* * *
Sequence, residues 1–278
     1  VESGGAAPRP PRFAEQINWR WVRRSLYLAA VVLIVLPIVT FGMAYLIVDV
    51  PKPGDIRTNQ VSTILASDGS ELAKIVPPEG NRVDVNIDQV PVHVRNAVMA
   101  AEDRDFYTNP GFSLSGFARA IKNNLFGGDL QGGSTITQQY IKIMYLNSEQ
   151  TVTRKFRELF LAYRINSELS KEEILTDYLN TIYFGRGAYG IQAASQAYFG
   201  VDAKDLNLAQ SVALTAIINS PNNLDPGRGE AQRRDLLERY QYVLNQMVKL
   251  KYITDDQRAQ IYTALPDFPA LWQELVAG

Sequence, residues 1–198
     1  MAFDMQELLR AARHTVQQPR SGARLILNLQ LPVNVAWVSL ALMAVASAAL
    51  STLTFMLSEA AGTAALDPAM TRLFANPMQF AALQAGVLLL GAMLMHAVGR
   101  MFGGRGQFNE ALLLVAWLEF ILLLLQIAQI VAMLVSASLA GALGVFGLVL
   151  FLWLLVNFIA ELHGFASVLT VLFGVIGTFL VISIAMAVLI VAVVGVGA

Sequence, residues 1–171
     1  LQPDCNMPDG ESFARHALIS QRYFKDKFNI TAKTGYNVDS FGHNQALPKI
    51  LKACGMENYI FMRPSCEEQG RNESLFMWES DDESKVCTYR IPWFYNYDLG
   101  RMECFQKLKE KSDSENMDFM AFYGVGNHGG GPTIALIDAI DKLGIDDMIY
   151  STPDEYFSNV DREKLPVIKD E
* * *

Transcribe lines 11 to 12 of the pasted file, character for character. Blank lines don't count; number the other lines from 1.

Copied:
   101  MFGGRGQFNE ALLLVAWLEF ILLLLQIAQI VAMLVSASLA GALGVFGLVL
   151  FLWLLVNFIA ELHGFASVLT VLFGVIGTFL VISIAMAVLI VAVVGVGA